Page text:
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detect (something) in (something)

To distinguish the presence of something in something else, typically something that is being masked or is present in only a small quantity. Do I detect sarcasm in that statement, Jane? I think I detect a pinch of cinnamon in this, but I could be wrong.
See also: detect

detect something in something

to recognize or identify something in something. Can you detect the anger in her voice? I detect a bit of sarcasm in your comments.
See also: detect
References in periodicals archive ?
In general, choose the strongest, most sensitive detector you can afford, say detection experts, because it will more than pay for itself if it ever detects a radioactive source.
Even if simple techniques to detect silicone were available, they might not be useful in detecting a rupture, because small amounts of silicone ordinarily bleed even from intact implants.
Although the auditor often performs procedures that may detect the untimely or inaccurate filing of tax returns, these procedures are not sufficient to provide reasonable assurance of detection of violations of the relevant provisions.
The sooner you detect a potential hazard the sooner you can treat it and get the business going again,'' he said.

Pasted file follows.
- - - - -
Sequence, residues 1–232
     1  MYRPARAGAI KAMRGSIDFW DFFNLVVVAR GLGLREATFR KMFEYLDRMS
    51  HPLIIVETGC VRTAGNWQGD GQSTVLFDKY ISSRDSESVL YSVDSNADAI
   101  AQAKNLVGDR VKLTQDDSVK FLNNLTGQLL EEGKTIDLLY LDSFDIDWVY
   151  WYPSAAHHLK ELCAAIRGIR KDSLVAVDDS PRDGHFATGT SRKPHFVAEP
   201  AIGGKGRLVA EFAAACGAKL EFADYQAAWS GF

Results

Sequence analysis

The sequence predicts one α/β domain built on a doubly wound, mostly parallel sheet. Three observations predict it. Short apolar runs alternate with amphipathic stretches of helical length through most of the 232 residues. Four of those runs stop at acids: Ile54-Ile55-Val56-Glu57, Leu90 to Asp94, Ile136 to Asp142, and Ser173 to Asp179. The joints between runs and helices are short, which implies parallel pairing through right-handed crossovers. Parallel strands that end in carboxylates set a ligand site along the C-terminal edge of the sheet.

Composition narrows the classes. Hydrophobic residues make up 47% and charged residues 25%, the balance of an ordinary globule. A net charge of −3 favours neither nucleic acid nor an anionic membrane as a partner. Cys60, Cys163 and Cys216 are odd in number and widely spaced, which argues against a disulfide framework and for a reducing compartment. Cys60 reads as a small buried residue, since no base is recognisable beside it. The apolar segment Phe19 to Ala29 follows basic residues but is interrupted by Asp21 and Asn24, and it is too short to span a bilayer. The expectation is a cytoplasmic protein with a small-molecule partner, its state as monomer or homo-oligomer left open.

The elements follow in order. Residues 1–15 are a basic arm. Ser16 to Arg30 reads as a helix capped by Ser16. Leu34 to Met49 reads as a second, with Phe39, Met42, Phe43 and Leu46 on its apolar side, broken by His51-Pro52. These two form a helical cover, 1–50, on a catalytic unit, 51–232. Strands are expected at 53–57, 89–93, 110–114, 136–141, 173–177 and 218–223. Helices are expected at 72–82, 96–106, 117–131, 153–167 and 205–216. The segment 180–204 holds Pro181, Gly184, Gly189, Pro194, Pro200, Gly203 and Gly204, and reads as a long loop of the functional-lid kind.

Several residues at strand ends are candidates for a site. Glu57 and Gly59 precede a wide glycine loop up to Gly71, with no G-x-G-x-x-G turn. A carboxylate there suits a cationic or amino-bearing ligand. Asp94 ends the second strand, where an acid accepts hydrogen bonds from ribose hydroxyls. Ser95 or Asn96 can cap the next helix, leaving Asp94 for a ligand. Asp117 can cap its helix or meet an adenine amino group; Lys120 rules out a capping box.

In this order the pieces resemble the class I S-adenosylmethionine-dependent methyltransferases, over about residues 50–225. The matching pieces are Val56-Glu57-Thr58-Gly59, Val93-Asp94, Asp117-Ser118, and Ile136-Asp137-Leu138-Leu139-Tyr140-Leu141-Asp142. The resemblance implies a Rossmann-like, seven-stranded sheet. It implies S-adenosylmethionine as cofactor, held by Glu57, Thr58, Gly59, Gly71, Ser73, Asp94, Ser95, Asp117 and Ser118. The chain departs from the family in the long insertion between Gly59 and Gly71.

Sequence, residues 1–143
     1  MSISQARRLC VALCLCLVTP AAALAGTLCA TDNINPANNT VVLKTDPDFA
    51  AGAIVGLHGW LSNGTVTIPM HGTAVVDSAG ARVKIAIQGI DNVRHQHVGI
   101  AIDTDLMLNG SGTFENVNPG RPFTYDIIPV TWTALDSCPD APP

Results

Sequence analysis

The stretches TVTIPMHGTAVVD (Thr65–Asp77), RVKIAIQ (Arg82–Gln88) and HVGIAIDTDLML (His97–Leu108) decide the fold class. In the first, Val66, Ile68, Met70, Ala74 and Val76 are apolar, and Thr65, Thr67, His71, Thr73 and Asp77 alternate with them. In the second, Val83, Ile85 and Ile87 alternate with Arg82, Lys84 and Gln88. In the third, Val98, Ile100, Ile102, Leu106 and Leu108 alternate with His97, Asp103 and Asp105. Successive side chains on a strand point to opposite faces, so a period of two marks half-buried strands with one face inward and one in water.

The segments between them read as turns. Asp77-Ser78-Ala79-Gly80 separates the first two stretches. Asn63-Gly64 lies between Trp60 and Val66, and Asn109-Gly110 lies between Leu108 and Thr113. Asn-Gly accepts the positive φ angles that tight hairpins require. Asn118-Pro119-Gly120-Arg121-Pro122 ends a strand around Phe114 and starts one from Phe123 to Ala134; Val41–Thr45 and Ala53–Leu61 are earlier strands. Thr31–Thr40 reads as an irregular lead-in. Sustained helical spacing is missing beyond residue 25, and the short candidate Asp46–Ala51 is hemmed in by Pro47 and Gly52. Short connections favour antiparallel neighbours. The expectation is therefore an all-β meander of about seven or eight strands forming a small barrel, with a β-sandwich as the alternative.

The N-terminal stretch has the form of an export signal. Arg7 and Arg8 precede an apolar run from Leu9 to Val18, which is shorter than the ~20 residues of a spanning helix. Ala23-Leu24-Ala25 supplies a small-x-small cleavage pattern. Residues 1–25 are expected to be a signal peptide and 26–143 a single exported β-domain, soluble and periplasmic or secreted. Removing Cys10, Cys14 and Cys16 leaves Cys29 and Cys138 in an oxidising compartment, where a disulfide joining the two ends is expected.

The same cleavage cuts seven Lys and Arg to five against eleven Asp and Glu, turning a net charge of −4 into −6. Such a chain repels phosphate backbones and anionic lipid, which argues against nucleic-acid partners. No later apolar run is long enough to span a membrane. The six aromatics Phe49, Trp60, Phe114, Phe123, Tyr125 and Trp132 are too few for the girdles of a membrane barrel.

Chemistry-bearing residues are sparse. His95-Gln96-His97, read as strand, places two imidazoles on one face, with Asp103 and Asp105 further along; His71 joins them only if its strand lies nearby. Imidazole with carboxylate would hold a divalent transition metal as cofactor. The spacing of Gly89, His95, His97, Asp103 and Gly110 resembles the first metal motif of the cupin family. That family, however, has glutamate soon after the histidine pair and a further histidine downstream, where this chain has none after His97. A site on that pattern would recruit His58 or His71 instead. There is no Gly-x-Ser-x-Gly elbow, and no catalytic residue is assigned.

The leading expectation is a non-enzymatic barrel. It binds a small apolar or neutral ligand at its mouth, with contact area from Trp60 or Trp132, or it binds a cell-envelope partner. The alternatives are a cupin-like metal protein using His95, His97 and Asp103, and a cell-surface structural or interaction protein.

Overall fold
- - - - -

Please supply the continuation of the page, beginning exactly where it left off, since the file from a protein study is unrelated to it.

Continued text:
The Kepler spacecraft, scheduled for launch in 2007, is designed to detect such mini-eclipses.
Nevertheless, the ability to detect multiple bacteria in a single specimen is useful.
Soon, scientists will need to develop ways to detect ash clouds that don't depend on observations in the 12-[micro]m wavelength.
Students in Las Virgenes middle schools and high schools never know when a dog trained to detect drugs, alcohol and gunpowder residue might come to sniff backpacks, lockers and anything else on campus.
It also has been shown to detect over three times as many cancers as the commonly used laboratory based urine cytology test.
1) in this issue of Emerging Infectious Diseases describes the use of syndromic surveillance to detect inhalational anthrax resulting from a hypothetical covert release of Bacillus anthracis spores at a major shopping mall.
Plastic explosives are difficult to detect because a bomb maker can mold them into concealable or inconspicuous objects.
Since BeppoSAX was launched in 1996, its unmatched ability to detect the exact location of a fleeting gamma-ray burst has made it possible to look for the lingering afterglow of a burst, which can take the form of X-rays, visible light and other types of radiation.
Charles Strongo, Early Detect's chief executive officer, states, "Early Detect and its subsidiaries are committed to finding more effective treatments for such serious conditions as autism and Fragile X.
Two RT-PCR assays were used to detect HCoV-NL63 in respiratory samples.